Is Calif.about to engage in a massive shift into less secure housing for life prisoners?

A group of academics recently put together a report which has just been released by CDCR

A group of academics recently put together a report which has just been released by CDCR. This report is entitled "Expert Panel Study of the Inmate Classification Score System." It has been widely reported in the media that the department is seriously considering implementing the recommendations of this panel.

This report concludes that many of these Level IV prisoners could safely be housed in Level III or Level II housing, saving the state a ton of money compared to building new high security cells. In addition the report opines that a significant amount of the bad behavior of Level IV prisoners is caused by the fact that they are in Level IV housing and that if they are housed in less secure housing they will become better behaved.

I think it would be helpful to examine the “expert panel” in order to evaluate this report more fully. All five are professional academics, all have PhD degrees. Only one of them has actually worked within the system. That was for less than two years as a headquarters person in charge of research

Ryken Grattet is a Professor of Sociology at UC Davis. His primary focus has been on the development and enforcement of hate crime legislation. He served as the Assistant Secretary of Research within CDCR in 2005 and 2006. 

David Farabee is a Professor of Psychiatry and Biobehavioral Science at UCLA. His principle areas are substance abuse programs and HIV/AIDS. One of his books is Rethinking Rehabilitation: Why Can’t We Reform Our Criminals.

Richard McCleary is a Professor of Social Ecology at UC Irvine. His primary area is evaluation of corrections and supervision programs. He has worked as a consultant for the feds and several state prison systems.

Susan Turner is a Professor of Criminology, Law and Society at UC Irvine. She is the director of the Center for Evidence-Based Corrections and a member of the California Rehabilitation Oversight Board. Her primary expertise is in developing randomized field experiments and in private sector alternatives for serious juvenile offenders. She has also done research into drug treatment.

Steven Raphael is a Professor of Public Policy at UC Berkeley. His background is economics. His primary field has been relationships between racial segregation in housing markets and employment prospects of African-Americans. He has also written extensively on the economics of discrimination.

Their panel study points out (accurately) that CDCR uses an overlapping system to determine inmate housing. The inmate’s Custody Designation and the Inmate Classification Score System. There are four levels of housing for non-condemned prisoners, Level I, II, III and IV. 

The Custody Designation attempts to address and inmate’s escape risk and threat to the community if they in fact do escape.

Mandatory Minimum housing restricts the housing to which high-security inmates can be housed; for instance a condemned prisoner can’t be housed in a dormitory setting.  (The report does not look at either condemned prisoners nor female prisoners as far as I can tell.)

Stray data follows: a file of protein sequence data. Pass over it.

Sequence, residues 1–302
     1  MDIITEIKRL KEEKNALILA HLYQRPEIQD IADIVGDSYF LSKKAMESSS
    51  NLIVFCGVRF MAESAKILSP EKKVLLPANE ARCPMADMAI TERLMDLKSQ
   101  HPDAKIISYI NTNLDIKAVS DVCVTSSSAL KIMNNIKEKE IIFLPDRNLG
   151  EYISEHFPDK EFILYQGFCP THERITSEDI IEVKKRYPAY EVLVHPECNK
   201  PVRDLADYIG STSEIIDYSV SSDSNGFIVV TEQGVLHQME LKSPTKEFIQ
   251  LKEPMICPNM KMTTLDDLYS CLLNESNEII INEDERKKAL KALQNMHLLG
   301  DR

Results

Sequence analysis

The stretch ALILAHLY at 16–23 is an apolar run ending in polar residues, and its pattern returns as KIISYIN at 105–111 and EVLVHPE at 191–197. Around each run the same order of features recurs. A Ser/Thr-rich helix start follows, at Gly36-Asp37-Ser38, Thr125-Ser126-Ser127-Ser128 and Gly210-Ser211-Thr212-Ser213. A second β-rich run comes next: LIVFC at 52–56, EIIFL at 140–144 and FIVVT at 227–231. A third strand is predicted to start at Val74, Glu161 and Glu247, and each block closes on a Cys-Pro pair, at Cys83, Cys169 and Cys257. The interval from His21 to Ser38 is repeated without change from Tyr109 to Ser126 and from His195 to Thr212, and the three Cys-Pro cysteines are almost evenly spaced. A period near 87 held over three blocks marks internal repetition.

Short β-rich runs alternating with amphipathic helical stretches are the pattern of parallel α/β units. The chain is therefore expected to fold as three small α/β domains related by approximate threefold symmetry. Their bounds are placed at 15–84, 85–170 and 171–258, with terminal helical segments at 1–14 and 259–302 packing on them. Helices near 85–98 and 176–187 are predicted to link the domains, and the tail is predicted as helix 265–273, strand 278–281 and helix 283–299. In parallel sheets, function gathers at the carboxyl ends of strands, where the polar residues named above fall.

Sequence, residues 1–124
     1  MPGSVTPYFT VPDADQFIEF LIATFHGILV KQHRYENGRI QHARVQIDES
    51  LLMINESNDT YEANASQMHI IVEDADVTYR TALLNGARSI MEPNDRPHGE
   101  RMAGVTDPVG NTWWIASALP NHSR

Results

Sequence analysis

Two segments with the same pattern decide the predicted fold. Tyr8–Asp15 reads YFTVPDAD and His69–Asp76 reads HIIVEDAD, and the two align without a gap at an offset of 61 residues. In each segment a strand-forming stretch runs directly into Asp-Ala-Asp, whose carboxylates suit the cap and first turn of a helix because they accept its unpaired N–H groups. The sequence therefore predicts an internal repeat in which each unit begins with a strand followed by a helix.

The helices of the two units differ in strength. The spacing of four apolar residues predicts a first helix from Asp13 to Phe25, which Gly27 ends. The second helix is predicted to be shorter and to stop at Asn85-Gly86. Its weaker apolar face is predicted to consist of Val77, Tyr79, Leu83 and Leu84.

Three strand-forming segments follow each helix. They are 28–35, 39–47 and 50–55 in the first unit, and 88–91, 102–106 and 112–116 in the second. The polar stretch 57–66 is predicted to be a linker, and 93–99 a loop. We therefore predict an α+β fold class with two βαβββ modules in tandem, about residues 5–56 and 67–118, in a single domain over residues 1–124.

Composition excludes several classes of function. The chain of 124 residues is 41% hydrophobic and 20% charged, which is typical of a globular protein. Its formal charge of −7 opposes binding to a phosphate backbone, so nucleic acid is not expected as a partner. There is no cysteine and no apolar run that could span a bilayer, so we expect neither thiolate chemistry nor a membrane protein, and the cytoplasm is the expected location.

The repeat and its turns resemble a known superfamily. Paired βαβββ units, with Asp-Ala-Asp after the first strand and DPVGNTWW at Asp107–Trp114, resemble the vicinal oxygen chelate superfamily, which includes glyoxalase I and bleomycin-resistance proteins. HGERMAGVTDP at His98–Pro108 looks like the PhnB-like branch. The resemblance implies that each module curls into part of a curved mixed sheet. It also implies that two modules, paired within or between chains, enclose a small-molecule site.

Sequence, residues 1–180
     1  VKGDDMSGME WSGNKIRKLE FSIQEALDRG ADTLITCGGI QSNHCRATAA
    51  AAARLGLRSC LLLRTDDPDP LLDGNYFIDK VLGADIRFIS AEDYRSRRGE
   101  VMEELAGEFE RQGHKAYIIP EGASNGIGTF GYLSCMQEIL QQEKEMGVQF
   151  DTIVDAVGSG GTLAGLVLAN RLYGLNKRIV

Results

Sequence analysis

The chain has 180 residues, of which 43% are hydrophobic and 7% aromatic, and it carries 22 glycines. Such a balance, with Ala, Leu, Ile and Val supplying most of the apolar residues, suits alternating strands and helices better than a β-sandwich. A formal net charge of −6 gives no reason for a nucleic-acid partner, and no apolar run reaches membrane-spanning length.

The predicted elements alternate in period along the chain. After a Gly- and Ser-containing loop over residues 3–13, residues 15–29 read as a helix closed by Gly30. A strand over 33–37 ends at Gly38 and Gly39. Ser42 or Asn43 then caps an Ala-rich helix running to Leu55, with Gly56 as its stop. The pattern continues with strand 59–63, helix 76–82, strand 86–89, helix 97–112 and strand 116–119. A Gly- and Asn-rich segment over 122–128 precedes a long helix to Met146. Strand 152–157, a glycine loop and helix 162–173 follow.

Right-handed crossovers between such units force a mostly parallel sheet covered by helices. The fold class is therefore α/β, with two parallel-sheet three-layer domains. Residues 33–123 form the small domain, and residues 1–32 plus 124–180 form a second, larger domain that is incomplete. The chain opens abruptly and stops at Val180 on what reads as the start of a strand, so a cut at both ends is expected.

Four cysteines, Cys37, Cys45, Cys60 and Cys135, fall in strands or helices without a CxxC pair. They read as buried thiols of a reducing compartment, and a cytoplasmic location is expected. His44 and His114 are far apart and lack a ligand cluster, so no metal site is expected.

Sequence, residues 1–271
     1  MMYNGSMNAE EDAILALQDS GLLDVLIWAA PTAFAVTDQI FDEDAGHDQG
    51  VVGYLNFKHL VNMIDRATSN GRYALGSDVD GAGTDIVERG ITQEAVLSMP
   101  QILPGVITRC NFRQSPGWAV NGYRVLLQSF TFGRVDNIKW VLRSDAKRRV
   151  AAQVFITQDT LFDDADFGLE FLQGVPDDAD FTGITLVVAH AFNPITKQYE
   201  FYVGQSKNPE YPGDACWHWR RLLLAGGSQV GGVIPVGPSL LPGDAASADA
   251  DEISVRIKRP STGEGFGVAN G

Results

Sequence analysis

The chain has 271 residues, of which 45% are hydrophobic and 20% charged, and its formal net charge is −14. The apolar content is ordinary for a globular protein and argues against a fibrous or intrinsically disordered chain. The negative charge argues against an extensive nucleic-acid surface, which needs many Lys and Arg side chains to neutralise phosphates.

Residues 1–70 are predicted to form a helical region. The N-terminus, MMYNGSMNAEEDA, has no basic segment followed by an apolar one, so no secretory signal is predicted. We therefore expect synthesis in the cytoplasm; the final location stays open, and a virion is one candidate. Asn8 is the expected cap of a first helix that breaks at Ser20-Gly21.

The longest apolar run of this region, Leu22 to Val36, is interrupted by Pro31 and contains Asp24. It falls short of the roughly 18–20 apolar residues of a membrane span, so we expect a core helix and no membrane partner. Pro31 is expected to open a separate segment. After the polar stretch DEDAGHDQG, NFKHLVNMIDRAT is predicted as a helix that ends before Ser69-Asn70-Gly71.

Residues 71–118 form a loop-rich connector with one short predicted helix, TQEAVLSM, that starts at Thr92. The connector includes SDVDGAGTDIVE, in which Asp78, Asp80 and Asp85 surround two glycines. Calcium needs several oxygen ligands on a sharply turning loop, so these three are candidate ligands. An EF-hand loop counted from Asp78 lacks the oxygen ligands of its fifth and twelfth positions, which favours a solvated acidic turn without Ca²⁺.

The panel concludes that Mandatory Minimum scores seem to trap well-behaving prisoners in higher security housing levels than they might otherwise need. They further conclude that actual placement classification scores are not nearly as good a predictor of problems than the age of the inmate and lower average preliminary scores. 

The panel also asserts that there is “little evidence” that housing inmates at higher housing levels than necessary suppressed institutional misconduct. Furthermore they assert that there is a criminogenic effect produced by placing inmates with housing scores just above the Level III cut-off in level IV housing. (In other words housing them in Level IV housing makes them act out whereas if they were housed in Level III housing they would not act out.)

The panel also pointed out (correctly) that there are few inside escapes, especially from institutions with “hot” (electrified lethal) fences.

The panel recommends that estimates of inmate risk should be based more on preliminary classification scores and that these scores should not be overridden by Mandatory Minimum housing restrictions.

The panel recommends that inmates with scores just above the cutoff threshold be placed at the lower security housing in the “expectation that it will not lead to increases in individual or overall rates of serious misconduct.”

The panel recommends the department discard Custody Designations as they are no longer justified as a mechanism to reduce the likelihood of escape.

I respectfully suggest that there are in fact a significant number of inmates doing life sentences who could safely be housed in level II or Level III housing. Most of these are otherwise straight citizens locked up for family homicide, such as the husband who murdered his wife, wife’s boyfriend, wife’s divorce lawyer, or combination thereof. I further suggest that many lifer inmates are heavily gang involved and that, no matter what their age or apparent institutional adjustment, they remain an escape risk and a danger to the community at large if they do escape.

I expect the Department will implement at least a portion of this panel’s report because the movers and shakers within the department want it to be true. I am not sanguine about its prospects for working well. 

Here is a link to a full copy of the 160 page report.

What are your thoughts? 

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